Sunday, May 26, 2013
Into the Sunset, Pt. 18: Vladimir Guerrero
This region's "Gems of Junk Wax" bracket voting ends tonight at 11:59 PM.
We still have a couple close races on our hands, so be sure to get your votes in before the deadline!
Back to the action.
Sometimes, I manage to surprise myself.
I've long known that Vladimir Guerrero is the focus behind my single most expansive player collection. Yet, upon going through and actually counting my cards of his, I was floored.
I own a grand total of 669 different Vlad issues. I knew I had a lot, but I had no idea it was that many.
Unless I suddenly come across 200 new Ichiro cards, Mr. Guerrero will long be my largest player collection. That's a fact.
However, one thing about Vlad's career is far from fact. It's a question I've thrown around in my head on a few occasions.
Is he a Hall of Famer?
Guerrero was a nine-time All-Star during his illustrious 16-year career. He won the 2004 AL MVP award with the Angels. He was easily one of the faces of my generation of ballplayers.
And, if you look at his "Baseball Reference" page, he certainly has some good company with his similarity scores. His top five in that department are Jeff Bagwell, Larry Walker, Jim Rice, Willie Stargell, and Billy Williams.
I personally think he deserves to be in the Hall of Fame. Given my longtime fandom of his, though, I'm understandably a bit biased.
If he were to get in, I'm sure he'd have a tough choice deciding which cap to wear on his HOF plaque. A case could be made for either the Expos or Angels. And, while he only spent one season in Texas, Vlad was an All-Star in his lone Ranger campaign.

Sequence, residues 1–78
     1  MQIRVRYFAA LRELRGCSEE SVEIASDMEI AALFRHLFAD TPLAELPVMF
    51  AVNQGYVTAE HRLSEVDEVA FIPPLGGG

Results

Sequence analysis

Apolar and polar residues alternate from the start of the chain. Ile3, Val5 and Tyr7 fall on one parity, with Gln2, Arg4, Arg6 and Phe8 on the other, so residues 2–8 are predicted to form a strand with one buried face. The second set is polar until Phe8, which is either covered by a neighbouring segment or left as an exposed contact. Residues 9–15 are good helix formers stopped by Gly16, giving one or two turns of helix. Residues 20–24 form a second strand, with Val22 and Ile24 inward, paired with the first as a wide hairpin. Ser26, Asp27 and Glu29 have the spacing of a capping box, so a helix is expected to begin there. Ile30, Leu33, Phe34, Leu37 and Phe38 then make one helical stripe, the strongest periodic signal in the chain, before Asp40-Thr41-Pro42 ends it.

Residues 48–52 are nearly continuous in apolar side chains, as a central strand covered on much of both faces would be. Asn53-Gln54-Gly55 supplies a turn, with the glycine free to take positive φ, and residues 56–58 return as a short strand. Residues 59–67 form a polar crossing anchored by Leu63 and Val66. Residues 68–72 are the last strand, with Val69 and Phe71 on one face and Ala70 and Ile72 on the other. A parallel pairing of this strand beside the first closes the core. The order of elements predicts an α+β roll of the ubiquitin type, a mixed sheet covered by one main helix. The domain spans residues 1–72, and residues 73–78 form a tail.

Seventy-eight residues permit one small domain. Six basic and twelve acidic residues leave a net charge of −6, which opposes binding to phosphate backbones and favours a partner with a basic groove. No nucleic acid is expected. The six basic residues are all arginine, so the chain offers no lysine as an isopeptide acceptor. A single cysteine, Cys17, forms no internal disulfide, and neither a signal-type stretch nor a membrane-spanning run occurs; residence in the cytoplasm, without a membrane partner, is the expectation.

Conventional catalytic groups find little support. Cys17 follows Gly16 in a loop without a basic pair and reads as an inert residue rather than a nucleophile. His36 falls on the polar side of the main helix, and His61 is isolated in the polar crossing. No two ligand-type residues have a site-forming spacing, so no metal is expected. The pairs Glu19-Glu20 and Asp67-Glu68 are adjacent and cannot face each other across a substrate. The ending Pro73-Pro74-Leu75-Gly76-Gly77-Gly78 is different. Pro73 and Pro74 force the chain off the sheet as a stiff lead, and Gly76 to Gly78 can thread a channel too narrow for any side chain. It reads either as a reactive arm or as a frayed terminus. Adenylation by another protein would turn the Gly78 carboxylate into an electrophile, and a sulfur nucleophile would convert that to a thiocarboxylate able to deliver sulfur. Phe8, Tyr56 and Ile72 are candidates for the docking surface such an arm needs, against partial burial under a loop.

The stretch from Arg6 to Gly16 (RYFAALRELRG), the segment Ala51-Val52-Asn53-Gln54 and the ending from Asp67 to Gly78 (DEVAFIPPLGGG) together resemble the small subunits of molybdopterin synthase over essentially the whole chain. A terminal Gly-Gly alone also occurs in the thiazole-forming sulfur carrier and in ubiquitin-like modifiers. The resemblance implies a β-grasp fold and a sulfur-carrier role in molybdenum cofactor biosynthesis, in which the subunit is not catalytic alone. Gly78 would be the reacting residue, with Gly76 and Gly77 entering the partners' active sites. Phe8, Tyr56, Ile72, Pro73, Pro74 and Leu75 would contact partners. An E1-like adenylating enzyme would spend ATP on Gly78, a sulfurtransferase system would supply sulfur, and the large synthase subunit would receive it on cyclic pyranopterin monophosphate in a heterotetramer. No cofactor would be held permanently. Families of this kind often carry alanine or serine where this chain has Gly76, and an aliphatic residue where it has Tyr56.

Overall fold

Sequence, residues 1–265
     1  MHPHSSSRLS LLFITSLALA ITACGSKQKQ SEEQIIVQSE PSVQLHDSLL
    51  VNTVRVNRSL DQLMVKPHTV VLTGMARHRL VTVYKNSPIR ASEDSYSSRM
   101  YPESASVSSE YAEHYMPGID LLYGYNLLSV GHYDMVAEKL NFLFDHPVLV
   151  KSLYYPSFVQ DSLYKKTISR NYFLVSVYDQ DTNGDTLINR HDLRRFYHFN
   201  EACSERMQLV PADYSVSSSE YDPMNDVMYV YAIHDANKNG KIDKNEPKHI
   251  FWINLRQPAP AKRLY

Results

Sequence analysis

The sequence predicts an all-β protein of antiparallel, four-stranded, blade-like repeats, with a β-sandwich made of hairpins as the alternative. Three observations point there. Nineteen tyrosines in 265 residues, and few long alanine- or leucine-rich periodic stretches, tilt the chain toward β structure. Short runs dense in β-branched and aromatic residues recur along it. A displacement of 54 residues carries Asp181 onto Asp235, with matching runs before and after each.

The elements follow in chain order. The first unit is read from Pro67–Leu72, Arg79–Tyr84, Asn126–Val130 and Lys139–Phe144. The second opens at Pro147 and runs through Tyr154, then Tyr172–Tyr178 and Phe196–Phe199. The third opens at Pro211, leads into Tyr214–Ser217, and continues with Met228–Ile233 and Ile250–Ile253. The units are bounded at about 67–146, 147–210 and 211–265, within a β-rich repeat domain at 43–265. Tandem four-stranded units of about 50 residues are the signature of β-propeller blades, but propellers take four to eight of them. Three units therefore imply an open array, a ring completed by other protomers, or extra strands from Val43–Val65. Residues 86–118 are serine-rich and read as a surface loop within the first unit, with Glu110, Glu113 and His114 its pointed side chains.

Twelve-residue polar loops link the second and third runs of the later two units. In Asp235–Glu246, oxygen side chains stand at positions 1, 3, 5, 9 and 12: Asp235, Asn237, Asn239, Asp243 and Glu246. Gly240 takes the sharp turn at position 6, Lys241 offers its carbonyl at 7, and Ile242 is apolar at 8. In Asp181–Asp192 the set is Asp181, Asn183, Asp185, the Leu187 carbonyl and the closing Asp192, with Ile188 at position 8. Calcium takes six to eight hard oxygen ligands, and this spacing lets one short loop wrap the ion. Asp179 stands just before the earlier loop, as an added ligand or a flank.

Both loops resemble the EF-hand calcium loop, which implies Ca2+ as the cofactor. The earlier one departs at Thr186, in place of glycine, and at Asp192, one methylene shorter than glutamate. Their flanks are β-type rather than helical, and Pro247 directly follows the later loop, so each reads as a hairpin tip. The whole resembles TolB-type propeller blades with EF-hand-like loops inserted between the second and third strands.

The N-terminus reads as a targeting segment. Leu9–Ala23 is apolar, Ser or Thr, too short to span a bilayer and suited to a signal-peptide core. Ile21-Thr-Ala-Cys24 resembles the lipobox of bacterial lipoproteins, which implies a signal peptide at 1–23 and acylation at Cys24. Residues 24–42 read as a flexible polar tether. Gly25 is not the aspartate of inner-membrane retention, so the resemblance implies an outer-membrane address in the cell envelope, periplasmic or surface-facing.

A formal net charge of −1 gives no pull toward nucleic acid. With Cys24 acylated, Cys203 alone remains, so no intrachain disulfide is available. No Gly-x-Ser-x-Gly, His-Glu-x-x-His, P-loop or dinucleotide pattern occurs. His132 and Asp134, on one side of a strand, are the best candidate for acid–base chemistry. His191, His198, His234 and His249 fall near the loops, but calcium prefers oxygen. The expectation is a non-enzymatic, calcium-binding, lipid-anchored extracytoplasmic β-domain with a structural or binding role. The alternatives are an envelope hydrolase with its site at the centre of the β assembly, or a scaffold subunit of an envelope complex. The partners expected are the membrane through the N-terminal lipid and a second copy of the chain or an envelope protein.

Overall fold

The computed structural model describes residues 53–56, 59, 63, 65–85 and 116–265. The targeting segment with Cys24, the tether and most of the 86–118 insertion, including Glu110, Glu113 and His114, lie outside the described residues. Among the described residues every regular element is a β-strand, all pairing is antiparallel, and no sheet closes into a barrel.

As time goes on, however, I think we'll look back on his career and say, "When did he play for the Orioles?"
That's where we pick up this "sunset" review.
In actuality, Vlad's "sunset" season in Baltimore wasn't all that bad.
In 145 games, he sported a .290/13/63 stat line for the O's in 2011. However, his .317 OBP was a far cry from his .379 career mark. As was his .416 slugging percentage. (Vlad slugged .553 for his career.)
Still, as time goes on, I doubt many fans will remember Vlad's tenure in Baltimore. Luckily, the 12 cards (and counting) I have of his in my O's binder will forever serve as a reminder.
Bowman's final tribute to Mr. Guerrero wasn't anything spectacular. Not great, but not awful. It's hard for me to discuss anything Bowman-related at length around here. I haven't done it much on this blog thus far.
And I don't intend to start now.
It's the same with Gypsy Queen.
To me, 2011 was GQ's best overall year of production. Still, given my lackluster attitude towards the product, take that with a grain of salt.
Nevertheless, this is both a perfectly acceptable action shot and a decent photoshop job on the part of Topps.
It's still not enough to make me start liking Gypsy Queen, though.
As a whole, 2011 was filled with perfectly average base sets.
You can add Topps Lineage to that fold. The set's inserts were quite neat, in my opinion. The base cards, on the other hand, didn't quite stand out in any way.
Still, I've always been a sucker for Spring Training shots. And, by my account, this one looks to be just that.
Even if it looks like it was taken at my local Little League field.
I only have two 2012 "sunset" issues of Vlad in my collection.
The first comes from the 1963-themed Topps Heritage release, one of my personal favorites from the past few years of the product.
Judging by the backdrop, I'm guessing this shot was taken in the same shoot as Vlad's aforementioned Topps Lineage piece.
Sure, it may not be the most exciting card he's ever had. But, when it comes to Heritage, photography is pretty much beside the point for me.
I just love the throwback designs.
As far as I'm concerned, Flagship produced Vlad's finest "sunset" issue.
This "Record Breaker" card, one that commemorates his title as the all-time Dominican hits leader, is exactly what I look for in a cardboard send-off.
The rather peaceful wave he's giving makes for quite the heroic "sunset" shot.
When it comes to my baseball life, that's exactly what Vladimir Guerrero has always been.
Plus, as far as my collection goes, he's most definitely a first-ballot Hall of Famer.
There's no doubt about that.